Exercise is often seen as a virtue in our society, but for people with an eating disorder exercise can become quite the opposite. Fitness can become excessive and compulsive to the point where it takes over your life and becomes dangerous for your health.
So how do you know when wanting to stay healthy becomes unhealthy?
“If you can't take a break, or you can't give yourself a break, and you feel a lot of guilt and shame around resting your body, then you're probably not in the best place with it,” says Exercise physiologist and health coach Sarah Liz King.
Sarah features on the latest episode of the InsideOut Institute podcast. Available on itunes or on your favourite podcast app. More info here.
Sarah says a couple of common red flags may include:
- Injuries and illness because you're not giving your body enough time to rest and recover.
- Hormonal imbalances, for example, lower testosterone in men and a loss of periods in women.
- An inflexible workout schedule that means you miss out on important social occasions like friends’ birthday celebrations.
“I think that's when you kind of have to ask yourself; do I want to get to the end of my life and have missed out on making these great memories just because I thought that exercise was the most important thing in my life?”
Sarah understands exactly how that feels, because she’s been there herself.
What started as an effort to meet the ‘ideal’ beauty standard of her first boyfriend through diet and exercise “spiralled out of control”, according to Sarah.
“I could not live without exercising, it was really compulsive, and my behaviours became more restrictive.”
It wasn’t until her best friend told her “you can’t keep living like this” that she ended the bad relationship with her boyfriend and went “head first into recovery”.
Sarah stresses that this takes time.
“I had a really supportive family, and, over time, my inner monologue started to change.”
“You have to come out of the negative behaviours that you were in, but also you have to start finding who you are again, which is a massive self discovery process.”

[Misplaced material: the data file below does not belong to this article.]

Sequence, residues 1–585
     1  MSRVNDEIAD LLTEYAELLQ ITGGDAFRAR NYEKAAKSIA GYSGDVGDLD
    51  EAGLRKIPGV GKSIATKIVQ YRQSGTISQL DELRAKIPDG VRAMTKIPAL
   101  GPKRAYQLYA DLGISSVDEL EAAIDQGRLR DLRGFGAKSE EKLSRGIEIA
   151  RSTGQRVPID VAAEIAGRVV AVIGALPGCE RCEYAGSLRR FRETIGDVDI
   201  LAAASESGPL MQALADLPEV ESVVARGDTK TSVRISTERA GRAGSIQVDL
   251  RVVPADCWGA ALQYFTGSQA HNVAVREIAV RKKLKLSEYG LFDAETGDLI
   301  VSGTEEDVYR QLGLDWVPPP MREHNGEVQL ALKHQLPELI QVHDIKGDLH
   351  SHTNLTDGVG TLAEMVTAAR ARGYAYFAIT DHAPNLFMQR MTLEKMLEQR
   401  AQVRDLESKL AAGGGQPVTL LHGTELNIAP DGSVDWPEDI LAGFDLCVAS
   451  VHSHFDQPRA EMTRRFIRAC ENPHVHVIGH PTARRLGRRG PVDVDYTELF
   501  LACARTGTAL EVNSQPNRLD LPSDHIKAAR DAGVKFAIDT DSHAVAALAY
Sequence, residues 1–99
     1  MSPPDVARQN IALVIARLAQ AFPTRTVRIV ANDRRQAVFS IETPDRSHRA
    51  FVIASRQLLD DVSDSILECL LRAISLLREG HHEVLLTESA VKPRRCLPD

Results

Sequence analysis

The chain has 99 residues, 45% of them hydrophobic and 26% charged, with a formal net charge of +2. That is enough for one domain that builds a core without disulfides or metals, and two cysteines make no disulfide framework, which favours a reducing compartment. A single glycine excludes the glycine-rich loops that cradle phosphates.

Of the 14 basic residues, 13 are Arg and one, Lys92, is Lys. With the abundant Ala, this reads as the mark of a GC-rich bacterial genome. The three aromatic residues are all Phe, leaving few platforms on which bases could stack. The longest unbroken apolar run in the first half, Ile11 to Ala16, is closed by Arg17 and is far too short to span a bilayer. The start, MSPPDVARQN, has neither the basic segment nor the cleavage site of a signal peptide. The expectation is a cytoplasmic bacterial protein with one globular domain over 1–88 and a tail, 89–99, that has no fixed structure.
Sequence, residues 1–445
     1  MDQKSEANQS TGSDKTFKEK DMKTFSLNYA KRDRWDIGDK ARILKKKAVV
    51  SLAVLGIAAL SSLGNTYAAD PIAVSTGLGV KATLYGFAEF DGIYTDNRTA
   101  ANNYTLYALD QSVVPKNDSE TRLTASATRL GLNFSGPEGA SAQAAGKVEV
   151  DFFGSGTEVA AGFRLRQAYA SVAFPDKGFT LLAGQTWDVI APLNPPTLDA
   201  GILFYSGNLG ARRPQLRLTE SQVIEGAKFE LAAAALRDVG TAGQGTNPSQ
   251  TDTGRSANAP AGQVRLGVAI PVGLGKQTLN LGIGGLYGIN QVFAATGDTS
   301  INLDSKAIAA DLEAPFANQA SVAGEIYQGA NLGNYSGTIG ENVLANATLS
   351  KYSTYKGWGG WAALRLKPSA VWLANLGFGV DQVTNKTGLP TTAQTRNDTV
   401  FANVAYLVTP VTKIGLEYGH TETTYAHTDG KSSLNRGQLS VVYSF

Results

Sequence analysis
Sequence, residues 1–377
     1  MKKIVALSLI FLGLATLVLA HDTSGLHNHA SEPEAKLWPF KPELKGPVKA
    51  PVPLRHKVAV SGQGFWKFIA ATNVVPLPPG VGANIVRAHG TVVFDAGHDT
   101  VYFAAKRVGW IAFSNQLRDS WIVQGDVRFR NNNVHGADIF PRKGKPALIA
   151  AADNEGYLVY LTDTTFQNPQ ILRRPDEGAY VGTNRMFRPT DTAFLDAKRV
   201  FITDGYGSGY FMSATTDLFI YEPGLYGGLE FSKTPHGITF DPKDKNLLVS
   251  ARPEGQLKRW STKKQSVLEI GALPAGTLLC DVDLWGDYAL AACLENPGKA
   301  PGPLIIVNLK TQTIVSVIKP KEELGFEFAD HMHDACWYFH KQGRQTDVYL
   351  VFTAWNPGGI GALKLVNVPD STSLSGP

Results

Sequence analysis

Finding yourself without exercise
Sarah tells her clients that eventually, exercise will become like “brushing your teeth” - something you do as part of your life, but don’t “obsess over it”.
“Eventually, you'll start filling your life with other things that you're interested in... and once you do that, exercise naturally becomes a small part in its rightful place.”
“Your health doesn't define who you are. It is a small component of your being that allows you to have the vitality and the energy to go and do the things that you're really passionate about.”
Sarah also recommends her clients ‘detox’ their social media accounts.
“Imagine you have your favourite magazine, you can either fill that magazine with really unhelpful things that are going to perpetuate you feeling crap about yourself, or you can fill it with really great things that are not just fitness related.”
Sarah says it can be really beneficial, and necessary, to take time off exercise during recovery.
“I took a year off from exercising when I was in my recovery, because I needed to know that I could live without it, and be okay.”
Making a safe return to exercise
If clients want to start moving their body again, she recommends doing it with the help of a dietitian, a psychologist and someone to keep you accountable in those first few return sessions.
“Try not to make it about things like numbers or steps, and remove all of those previous ties with the eating disorder.”
Sarah says the ultimate goal is to move your body in a way that feels good.
“I think the best way to test whether you're hitting the mark with that, is when you leave the gym or you finish whatever activity you're doing, you should feel better than when you started - mentally and physically. It’s about filling your cup, not draining it further.”
Sarah says you shouldn’t be afraid to call out unhelpful messages either.
“If you're going to a spin class or a workout class with weights, and it's all language about like toning certain body parts or burning a certain amount of energy, it’ just reinforcing the idea that all bodies need to be exercised for weight and shape - and that's not what exercise is about at the end of the day!”
“My message for anyone out there that might be struggling with disordered eating or eating disorders or obsessive exercise is just know that whatever stage that you're at - you deserve help.”
You can hear more of Sarah’s recovery tips in her episode of the InsideOut Institute Podcast. More info here.
If you or a loved one needs support, please head to our website or call the Butterfly National Helpline 1800 ED HOPE (1800 33 4673)
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